Andras Kindler (community lead of Kotlin Budapest User Group) talks about why it matters to occasionally bring your extended community together for an event larger than a regular meetup. After years of being Kotlin enthusiasts organizing meetups, Andras and his team held the first ever Kotliners conference in Budapest, Hungary. More than 130 attendees from 10 countries came together for a full day to hear about the present and future of the Kotlin ecosystem.
Andras, I know that you are a co-founder of a company that makes digital products and services, using Kotlin on backend and Android. Tell us how you became a community organizer of Kotlin enthusiasts on top of that.
Sure. We've been building Android apps for quite some time and started experimenting with Kotlin in 2013. We immediately became fans. There was little community activity around Kotlin in Hungary, and we decided to change that. Budapest Kotlin UG was founded in 2017 and we meet on an average every 2 months. Depending on the content and weather (laugh), we have 25 - 40 attendees on a regular basis.
Can you share some information on what the developer ecosystem looks like in Hungary? Is it typical for local IT companies to be involved in community activity as well?
I would say the IT industry is pretty developed and growing (it currently accounts for 4% of the total corporate revenues in the national economy). There are numerous tech startups that are active in the meetup and conference scene. It’s quite common for IT companies to offer their meeting rooms for community meetups for free.
What does a typical meetup look like for you?
We meet in the evening after work, starting with a quick introduction of the meetup agenda. Then we have 2-3 speakers presenting and answering questions. My favourite part is the informal discussion afterwards; you get a lot of insight when people start chatting about their experience with Kotlin and issues they’re facing.
Has being an organizer helped your personal and professional development?
For sure. It helps both socially and professionally. It takes a lot of effort to organize a meetup or a conference, but in the end, it is very much worth it. I always learn a lot and meet fantastic people on the way. If I give a talk, I need to be competent in the topic I’m talking about, not to mention the public speaking skills training I get. Listening to other speakers is a great learning opportunity for me.
How do you find speakers for your meetups?
We advertise on our Facebook and Meetup.com page (and also during our actual meetups) that we’re offering anyone who feels confident to talk an opportunity to speak. If someone raises an issue or a problem during any of the informal discussions, I always ask them if they would talk about it in the next meetup.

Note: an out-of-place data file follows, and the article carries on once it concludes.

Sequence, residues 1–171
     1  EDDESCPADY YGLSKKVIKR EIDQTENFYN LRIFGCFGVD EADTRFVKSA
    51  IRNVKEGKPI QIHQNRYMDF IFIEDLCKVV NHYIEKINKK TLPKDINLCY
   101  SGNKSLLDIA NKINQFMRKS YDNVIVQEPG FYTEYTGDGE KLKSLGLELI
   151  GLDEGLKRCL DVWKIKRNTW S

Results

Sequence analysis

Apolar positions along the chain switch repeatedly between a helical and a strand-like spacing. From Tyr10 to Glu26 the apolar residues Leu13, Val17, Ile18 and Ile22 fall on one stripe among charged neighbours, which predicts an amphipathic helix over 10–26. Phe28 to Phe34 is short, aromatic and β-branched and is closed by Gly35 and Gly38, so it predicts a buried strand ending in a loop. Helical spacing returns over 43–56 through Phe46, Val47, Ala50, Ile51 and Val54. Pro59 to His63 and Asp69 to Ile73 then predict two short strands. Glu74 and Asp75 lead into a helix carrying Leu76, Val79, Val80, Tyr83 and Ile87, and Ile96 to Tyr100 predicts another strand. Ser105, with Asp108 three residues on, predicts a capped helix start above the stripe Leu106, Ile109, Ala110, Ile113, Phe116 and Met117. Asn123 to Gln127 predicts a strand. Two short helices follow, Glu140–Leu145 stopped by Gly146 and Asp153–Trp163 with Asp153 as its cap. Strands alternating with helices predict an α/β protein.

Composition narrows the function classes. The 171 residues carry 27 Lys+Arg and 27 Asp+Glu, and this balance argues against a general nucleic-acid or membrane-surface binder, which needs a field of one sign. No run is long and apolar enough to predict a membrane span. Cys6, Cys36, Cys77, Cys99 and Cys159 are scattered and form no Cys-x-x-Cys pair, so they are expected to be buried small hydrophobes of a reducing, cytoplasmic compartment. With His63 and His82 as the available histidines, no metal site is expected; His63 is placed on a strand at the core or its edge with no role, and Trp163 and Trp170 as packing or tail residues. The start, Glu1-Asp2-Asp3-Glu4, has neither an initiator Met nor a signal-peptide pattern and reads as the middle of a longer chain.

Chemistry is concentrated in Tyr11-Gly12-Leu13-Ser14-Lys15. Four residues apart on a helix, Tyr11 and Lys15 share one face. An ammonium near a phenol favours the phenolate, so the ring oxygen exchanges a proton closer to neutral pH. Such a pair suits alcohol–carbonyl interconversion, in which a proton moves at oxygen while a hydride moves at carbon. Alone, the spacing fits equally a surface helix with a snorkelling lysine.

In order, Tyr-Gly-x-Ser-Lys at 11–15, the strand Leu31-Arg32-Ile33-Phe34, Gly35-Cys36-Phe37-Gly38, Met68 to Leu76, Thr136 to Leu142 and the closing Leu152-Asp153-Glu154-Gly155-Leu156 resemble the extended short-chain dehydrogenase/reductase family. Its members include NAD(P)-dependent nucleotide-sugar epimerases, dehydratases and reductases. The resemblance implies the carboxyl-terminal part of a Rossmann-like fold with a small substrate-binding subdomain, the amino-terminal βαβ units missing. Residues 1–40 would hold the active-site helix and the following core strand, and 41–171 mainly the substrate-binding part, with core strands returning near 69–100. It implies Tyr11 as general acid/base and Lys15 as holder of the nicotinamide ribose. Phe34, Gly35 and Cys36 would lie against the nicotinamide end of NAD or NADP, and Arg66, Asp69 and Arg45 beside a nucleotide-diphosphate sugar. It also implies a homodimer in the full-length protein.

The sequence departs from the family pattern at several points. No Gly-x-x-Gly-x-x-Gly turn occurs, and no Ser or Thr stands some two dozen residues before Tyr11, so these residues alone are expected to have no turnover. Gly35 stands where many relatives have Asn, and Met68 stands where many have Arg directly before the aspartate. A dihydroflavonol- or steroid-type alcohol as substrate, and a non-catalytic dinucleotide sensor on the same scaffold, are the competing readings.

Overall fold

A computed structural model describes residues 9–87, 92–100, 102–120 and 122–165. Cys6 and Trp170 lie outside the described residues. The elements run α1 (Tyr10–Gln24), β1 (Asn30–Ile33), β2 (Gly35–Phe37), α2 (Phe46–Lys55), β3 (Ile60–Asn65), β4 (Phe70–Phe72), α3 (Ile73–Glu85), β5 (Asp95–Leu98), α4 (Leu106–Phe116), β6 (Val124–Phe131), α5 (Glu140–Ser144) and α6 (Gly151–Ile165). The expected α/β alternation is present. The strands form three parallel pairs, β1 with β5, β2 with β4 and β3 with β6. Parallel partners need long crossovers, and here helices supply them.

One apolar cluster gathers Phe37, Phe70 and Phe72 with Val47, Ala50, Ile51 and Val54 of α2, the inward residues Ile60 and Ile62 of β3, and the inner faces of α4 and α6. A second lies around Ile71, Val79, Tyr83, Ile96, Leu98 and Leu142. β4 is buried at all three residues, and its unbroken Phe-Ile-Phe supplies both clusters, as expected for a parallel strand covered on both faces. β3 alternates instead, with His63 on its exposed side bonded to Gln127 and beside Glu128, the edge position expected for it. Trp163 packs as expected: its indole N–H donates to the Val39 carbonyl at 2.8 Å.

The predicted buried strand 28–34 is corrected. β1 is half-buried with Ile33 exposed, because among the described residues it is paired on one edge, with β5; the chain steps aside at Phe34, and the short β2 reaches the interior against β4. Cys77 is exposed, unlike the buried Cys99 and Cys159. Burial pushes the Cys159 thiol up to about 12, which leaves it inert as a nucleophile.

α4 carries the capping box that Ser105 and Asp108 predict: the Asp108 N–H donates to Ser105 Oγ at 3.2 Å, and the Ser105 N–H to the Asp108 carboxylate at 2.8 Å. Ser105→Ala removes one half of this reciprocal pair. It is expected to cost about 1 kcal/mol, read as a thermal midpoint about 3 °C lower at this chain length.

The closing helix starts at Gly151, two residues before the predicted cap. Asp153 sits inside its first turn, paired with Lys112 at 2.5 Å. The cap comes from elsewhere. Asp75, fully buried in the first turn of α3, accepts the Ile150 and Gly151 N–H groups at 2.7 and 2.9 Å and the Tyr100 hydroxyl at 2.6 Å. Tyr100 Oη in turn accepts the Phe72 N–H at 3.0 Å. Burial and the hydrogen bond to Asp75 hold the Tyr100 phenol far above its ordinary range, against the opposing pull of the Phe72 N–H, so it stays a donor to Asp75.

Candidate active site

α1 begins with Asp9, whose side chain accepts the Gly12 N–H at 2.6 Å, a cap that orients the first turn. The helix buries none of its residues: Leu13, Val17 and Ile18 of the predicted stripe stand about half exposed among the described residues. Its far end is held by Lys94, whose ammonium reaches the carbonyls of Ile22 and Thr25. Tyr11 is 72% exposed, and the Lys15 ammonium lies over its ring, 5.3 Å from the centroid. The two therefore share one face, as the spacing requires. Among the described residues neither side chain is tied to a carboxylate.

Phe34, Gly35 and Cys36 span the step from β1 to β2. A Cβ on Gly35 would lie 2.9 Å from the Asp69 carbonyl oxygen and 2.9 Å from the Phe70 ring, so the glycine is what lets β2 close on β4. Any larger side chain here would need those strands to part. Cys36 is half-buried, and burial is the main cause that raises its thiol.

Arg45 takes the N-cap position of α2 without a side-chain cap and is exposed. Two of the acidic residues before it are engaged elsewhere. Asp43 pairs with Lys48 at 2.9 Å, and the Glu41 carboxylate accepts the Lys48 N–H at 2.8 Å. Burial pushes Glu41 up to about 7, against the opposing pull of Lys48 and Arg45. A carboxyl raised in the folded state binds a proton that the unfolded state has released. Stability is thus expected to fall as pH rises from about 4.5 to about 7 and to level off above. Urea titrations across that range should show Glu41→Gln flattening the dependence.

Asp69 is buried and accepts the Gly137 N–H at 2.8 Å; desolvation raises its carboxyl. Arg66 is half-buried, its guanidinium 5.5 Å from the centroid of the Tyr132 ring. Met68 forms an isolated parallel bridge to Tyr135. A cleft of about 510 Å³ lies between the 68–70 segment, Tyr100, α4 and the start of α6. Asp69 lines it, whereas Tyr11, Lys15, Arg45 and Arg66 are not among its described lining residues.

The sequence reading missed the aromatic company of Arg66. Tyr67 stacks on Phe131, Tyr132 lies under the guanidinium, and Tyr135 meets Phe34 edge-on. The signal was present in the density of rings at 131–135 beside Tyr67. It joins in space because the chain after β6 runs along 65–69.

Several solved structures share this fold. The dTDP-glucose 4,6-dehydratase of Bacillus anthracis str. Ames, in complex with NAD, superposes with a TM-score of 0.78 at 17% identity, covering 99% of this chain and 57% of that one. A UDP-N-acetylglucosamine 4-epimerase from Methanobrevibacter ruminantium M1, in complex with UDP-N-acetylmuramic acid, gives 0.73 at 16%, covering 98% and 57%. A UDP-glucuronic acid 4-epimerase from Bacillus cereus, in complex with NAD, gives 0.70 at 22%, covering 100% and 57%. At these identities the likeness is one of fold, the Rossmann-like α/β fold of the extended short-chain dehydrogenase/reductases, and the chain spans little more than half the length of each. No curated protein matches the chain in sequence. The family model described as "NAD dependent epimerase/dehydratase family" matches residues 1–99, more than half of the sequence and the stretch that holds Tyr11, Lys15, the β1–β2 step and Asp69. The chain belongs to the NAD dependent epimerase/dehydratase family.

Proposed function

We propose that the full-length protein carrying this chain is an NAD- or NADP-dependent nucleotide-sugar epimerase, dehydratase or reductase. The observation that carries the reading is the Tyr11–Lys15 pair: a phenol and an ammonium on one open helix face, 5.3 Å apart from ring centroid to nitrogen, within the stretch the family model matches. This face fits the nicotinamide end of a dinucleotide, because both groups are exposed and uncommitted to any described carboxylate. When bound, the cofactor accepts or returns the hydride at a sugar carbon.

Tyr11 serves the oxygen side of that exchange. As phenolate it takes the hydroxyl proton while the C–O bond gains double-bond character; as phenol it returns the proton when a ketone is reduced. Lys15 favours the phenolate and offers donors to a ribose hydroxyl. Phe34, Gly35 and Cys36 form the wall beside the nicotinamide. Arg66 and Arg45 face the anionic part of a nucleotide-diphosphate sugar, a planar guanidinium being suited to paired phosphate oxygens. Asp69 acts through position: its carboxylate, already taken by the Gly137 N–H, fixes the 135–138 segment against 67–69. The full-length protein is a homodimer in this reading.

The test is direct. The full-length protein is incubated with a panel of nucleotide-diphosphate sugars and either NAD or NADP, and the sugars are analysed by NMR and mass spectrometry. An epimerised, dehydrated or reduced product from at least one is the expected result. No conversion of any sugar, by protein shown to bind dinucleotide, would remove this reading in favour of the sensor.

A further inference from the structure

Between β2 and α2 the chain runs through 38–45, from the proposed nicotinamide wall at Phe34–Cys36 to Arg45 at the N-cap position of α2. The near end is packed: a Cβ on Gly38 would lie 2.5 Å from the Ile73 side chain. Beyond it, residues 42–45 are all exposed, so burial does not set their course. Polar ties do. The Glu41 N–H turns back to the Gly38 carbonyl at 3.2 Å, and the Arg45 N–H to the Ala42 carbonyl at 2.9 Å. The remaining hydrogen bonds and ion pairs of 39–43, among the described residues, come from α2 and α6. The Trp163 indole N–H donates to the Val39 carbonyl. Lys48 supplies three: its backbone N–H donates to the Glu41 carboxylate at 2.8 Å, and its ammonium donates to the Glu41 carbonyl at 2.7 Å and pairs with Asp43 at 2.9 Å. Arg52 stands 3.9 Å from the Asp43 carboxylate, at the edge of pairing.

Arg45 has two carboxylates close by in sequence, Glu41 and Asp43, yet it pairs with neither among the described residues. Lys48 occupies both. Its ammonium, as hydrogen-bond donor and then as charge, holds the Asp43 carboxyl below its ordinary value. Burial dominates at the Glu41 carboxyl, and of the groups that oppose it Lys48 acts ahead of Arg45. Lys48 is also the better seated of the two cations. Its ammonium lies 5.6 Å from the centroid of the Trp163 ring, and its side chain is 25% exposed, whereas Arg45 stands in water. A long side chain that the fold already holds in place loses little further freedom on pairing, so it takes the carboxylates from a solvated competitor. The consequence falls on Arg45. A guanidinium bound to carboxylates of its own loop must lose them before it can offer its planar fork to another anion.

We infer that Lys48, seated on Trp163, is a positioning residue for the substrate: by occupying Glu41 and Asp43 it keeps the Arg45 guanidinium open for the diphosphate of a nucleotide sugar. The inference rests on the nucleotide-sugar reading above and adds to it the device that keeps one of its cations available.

For our Kotlin conference, we had a more formal approach - we announced a ‘call for speakers’ 3 months before the event to get the papers in.
How did the Kotliners conference come about?
We wanted to create more awareness about Kotlin. Don’t get me wrong, regular meetups are great, but we thought to ourselves “let’s do something bigger.” We had support directly from Jetbrains and Google and that helped a lot. We mapped everything out, and organizing a conference looked feasible. However, we were unaware how much work it would be to actually do it (laugh). It all worked out in the end. We received an overall positive feedback from the attendees (you can read a detailed recap that includes videos from the presentations on our blog). They appreciated both the technical content as well as the social aspect of spending time together. We made sure to include enough socializing opportunities and hosted our after party in one of the famous Budapest ruin bars (the bars are located in old buildings that are in ramshackle conditions, thus the name “ruin bar”). We also deliberately chose Friday as the main conference day to allow participants to spend the weekend in Budapest. It was a risk, but Budapest in the summer is a popular tourist destination and I think it worked out.
It seems like there was a lot of great energy around the event. Tell us a bit more how you thought about the content and structure of the day.
We wanted to have a general Kotlin conference without focusing too much on anything specific (Kotlin is used for a lot of platforms, but we wanted to focus on the language itself). We had 1 track of presentations delivered by 8 great speakers (GDEs, Jetbrains experts and other speakers).
Our venue was a big win as well - Budapest Music Center not only has a great acoustics, but being located downtown, it overlooks the river Danube and offers some amazing views.
You mentioned that you underestimated the organizational workload of the event a bit. How many organizers are there at Kotlin Budapest UG and how do you split the organizational tasks?
Well, I think our situation is a bit unique as the community is nested under our company. That means that everyone from the team contributes with ideas and helps out with what needs to be done. It happens quite organically. We’re a core team of 4 and it works for now. Even though we’re not actively looking for other organizers, we’re open to include anyone who would be interested.
What does the near future of Kotlin Budapest UG look like?
We want to build on the momentum that Kotlin now has. More and more people are interested to learn and use the language. We see more people coming to our meetups. We might be looking for a bigger meetup venue soon (laugh). I’m already excited about Kotliners conference in 2019. If anyone is interested to blog about Kotlin or talk at one of our meetups, let me know and we can talk about posting on our blog.